The director of out-patient services greeted us and showed us around the facility. Phil Stone has been with the facility for 12 years. The staff were equally welcoming and professional. Upon introduction, he immediately hugged me when I offered my handshake. I liked the warm welcome. Sam’s tail didn’t stop wagging during the intros and as Phi was providing background info, Sam leaned against him indicating he was more than content. It may have been the first lean of the day but it certainly wasn’t the last. The only challenge for Sam was deciding whether to leave Phil’s most welcomed ear scratches and start greeting others in the reception area. I think the numbers ‘persuaded’ Sam to make the rounds of everyone in the room (guess his mama didn’t raise an ordinary shameless, attention-seeking fool). All the aw’s and ooh’s from everyone just egged Sam and his wagging tail on and he then spent time with each and every person we encountered.

Going from building to building (West Pines is a 76-bed facility), there were a couple of encounters that were most touching. First, was a young man who clearly had been crying in the common area. He was wrapped up in a blanket and trying to gain control over his emotions. Sam eagle-eye spotted him immediately, walked right over and began wagging his tail until the young man started petting Sam. He glanced away from my smile but his face lit up slightly as Sam got as close as he could. This encounter was incredibly touching for me. Sam knew this young man needed him and Sam made sure to let him know he was safe and wanted in return. Clearly the power of animals with those struggling with mental health issues was on full view and practice.

Our second memorable scene involved a young woman who was so taken with Sam she asked me if I knew where she could do something like what we were doing as she hugged and petted him. I asked if she had a dog and she smiled and then blithely responded, “oh shoot, I can barely take care of myself, let alone a dog.” It was a sad comment for me initially, then I thought how unencumbered she was to blurt it out and took comfort in her completely unfiltered observation, much like a small child. This woman knew her limitations yet she didn’t retreat from the fact.

And finally there was another young man, who was very shy and who stuttered. His dark features masked his face and yet when I asked him if he wanted to pet Sam, he embarrassingly smiled and ran his fingers through Sam’s fur. His voice was barely audible but he clearly was mesmerized by Sam. After a couple of minutes, he picked up his cell phone and I thought perhaps he was utilizing some deflecting kind of behavior to avoid contact with a stranger (me). Instead, he pulled up a photo of his own dog, a Pomeranian/Chihuahua mix. Cute little fluff ball, too. I commented on what a terrific photo it was and asked if it was taken by a professional photographer it was so well composed and the dog perfectly posed. He smiled, and said no, it was one he had taken and he had used software to provide the nautical-themed background. “Incredible,” I noted. “You must be very good with software and computers.” Again he smiled and whispered he was. About this time, his group was ready to resume their discussion and we left but not before he followed us to the door. I think (at least I hope) we made a difference in his day.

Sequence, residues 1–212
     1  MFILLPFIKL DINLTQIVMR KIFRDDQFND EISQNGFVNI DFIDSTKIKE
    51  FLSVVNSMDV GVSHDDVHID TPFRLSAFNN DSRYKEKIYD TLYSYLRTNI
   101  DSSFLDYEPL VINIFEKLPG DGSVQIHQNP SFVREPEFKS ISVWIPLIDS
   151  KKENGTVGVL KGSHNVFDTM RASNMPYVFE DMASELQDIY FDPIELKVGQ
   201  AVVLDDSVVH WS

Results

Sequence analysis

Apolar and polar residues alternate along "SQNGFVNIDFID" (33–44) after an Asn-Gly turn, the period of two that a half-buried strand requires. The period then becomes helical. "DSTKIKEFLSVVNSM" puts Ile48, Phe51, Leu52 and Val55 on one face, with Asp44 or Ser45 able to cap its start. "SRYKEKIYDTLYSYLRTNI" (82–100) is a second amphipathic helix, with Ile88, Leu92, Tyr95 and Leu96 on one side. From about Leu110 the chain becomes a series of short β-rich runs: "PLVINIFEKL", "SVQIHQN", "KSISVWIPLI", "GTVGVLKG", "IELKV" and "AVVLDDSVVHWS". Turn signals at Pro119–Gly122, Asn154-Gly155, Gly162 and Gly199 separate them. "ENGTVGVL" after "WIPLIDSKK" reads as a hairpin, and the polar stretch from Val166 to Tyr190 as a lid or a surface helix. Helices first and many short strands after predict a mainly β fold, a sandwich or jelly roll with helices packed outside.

Our visit was so touching to my heart and so profound that I vowed to request the assignment again. It was a remarkable day even if a somewhat shortened time that we were able to spend with people (our visits are chaperoned by the director while on campus and I wondered if Phil got any work done on Wednesday’s ‘dog-visit-day’). I left with a couple of observations of our visit. First, there seem to be more men at this facility than women and it made me wonder if substance abuse is more prevalent in younger men. From my experience visiting the senior behavioral floor at the hospital (see previous posts here, here and here in case you missed them), more women than men seem to have mental health issues as they get older, perhaps because they generally live longer than men. But certainly having a warm, engaging environment with committed staff makes all the difference in the world. I can’t imagine a staff more focused and dedicated to their patients with a successful history of treatment.